Last week I attended a workshop hosted by NYCMER and El Museo del Barrio called “Exhibition Designs for Educators”. The workshop event started with an activity on creating an exhibit related to one object; we were split into four different groups and were given a task to create an exhibit using prompts to interpret the object in four different ways. The challenge was we were not told what the object was, and we were expected to create an exhibit with an unknown artifact. What I can describe about the object is it looked like a cement block with a whole in it, and had nails sticking out of it. This group activity allowed us to discuss with each other ideas about how we can achieve our mission. My group’s prompt was to create an open exhibit that has a warm, inviting environment. We decided to create a model of our exhibit; our model had the object on a pedestal in the center of the exhibit with seats around it and wires between the seats. I asked the group what if we included inquiry-based questions to allow the visitors of our exhibit to be able to talk about the object, and we agreed in addition to inquiry-based questions on the wall we also included a box next to the pedestal with answers related to the object. To create that warm, inviting environment, we decided to use bright colors associated with comfort for the wall and seats then used a darker color for the floor to complement the object. After a few minutes, each group presented their exhibit ideas.

The rest of “Exhibition Design for Educators” workshop had three panelists discuss their involvement in exhibition and how it can be translated to education. NYCMER’s event mission was to make sure everyone attending will have a better understanding of the relationship between exhibition design and interpretation, and how educators can take advantage of their colleagues’ strategies in their own practice. These panelists explained their approaches to the practice of designing exhibits and their approaches to integrating interpretation. The first panelist was Ricardo Mulero who has been involved in exhibition projects include the National September 11 Memorial Museum and James Madison’s Montpelier in Virginia; he discussed his experiences working on projects for these museums and revealed at the end the object we created exhibits for was a cast of Kodak Camera packaging foam (circa 1970s). The second panelist was Sofia Reeser Del Rio who is the Curatorial Programs Coordinator at El Museo del Barrio; she discussed her approach to exhibit design as a form of storytelling and used a seed as a simile for an exhibit. Like a seed, ideas need to be nurtured and supported by research, emotions, imagination, appropriate gallery space, and planning to become successful projects.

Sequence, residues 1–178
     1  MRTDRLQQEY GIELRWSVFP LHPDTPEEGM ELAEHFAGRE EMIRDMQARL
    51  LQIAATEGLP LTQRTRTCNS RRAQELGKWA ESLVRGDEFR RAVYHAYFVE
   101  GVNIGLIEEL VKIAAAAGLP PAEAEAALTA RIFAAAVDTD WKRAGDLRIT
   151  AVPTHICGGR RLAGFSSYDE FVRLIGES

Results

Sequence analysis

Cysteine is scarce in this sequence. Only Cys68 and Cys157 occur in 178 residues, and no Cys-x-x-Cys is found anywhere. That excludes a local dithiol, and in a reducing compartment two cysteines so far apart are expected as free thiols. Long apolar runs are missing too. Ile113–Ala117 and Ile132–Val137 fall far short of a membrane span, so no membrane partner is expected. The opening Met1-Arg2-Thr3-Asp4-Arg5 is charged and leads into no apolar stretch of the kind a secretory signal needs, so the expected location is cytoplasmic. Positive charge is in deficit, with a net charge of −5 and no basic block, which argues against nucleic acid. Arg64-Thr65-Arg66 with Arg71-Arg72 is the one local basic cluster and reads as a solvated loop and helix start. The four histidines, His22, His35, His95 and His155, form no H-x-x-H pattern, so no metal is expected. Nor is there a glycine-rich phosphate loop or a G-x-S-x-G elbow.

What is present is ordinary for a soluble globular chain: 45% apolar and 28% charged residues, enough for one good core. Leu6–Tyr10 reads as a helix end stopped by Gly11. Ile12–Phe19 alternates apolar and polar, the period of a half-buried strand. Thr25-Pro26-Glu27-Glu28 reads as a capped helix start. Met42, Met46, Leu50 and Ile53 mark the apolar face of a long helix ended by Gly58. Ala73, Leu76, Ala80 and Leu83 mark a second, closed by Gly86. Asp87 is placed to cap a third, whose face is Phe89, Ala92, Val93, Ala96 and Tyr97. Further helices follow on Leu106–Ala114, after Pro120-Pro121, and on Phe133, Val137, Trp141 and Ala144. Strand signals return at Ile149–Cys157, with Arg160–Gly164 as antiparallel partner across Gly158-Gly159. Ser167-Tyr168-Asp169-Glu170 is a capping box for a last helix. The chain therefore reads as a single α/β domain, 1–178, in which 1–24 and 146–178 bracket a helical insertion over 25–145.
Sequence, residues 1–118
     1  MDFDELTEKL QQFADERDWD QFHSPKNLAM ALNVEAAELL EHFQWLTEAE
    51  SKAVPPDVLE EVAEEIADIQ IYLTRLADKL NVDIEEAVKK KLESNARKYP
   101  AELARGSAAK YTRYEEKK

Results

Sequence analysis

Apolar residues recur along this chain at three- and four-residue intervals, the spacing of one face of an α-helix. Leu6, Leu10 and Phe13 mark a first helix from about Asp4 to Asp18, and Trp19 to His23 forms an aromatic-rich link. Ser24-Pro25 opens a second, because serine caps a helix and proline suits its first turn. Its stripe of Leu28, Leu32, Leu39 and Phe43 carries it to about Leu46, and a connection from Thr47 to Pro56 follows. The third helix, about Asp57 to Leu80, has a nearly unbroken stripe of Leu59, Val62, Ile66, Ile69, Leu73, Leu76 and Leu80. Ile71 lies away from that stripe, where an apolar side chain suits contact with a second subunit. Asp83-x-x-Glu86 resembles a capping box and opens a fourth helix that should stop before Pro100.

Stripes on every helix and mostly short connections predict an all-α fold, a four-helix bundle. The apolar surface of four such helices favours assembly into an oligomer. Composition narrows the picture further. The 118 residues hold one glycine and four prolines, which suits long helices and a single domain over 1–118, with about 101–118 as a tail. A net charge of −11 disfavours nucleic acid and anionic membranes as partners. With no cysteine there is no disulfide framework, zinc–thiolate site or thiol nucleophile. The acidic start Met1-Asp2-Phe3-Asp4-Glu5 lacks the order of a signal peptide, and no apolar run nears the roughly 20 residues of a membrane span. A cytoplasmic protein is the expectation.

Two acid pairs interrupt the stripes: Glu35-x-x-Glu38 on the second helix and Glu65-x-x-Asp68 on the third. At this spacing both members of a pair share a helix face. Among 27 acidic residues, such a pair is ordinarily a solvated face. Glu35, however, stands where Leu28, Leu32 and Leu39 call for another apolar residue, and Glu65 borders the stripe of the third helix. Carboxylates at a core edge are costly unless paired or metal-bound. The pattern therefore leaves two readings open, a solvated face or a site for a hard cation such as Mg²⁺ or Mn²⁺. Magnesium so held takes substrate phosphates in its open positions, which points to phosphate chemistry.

The last panelist was Paul Orselli, the President and Chief Instigator at Paul Orselli Workshop, Inc. (POW!) who discussed about creating prototypes or a tool to engage in co-creation outside museum, exhibit diplomacy (or how to try things quickly, answer simply, and let visitor answer you), and hybrid museum. Orselli also used Elvis Presley to explain exhibit prototyping by using each letter of his first name to discuss each step for prototyping; use everyday materials to make it easier, looseness in opportunities during development, have exhibits be vermicious or to worm around on different subjects, have iteration or in other words keep trying, and sharing ideas with visitors and other professionals. What I took away from this experience is being able to come up with ideas for integrating exhibit and education programs, and will hopefully use these discussions to assist in planning future programs. I believe I left the workshop with a better understanding of the relationship between exhibition design and interpretation.

These are only some of the emerging and seasoned professionals can develop their skills in museum education. Volunteering is another great way to get involved to not only help an organization but you can also continue to utilize and develop your skills. I volunteer as a Parish Historian for the church I grew up attending to keep track of the collections and figure out ways to utilize the collections; also, I volunteer for the Historical Society of Greater Port Jefferson and the Long Island Maritime Museum teaching school programs and working within the visitor services department. The previous experiences I shared with you all will hopefully show how much we can learn from professional development, and how important it is to take advantage of these events. I will leave you with the following questions to ponder on: What are ways you take advantage of professional development? Is there a session or workshop that inspired you? Have you presented at a conference before, and if you have what did you like most about your experiences?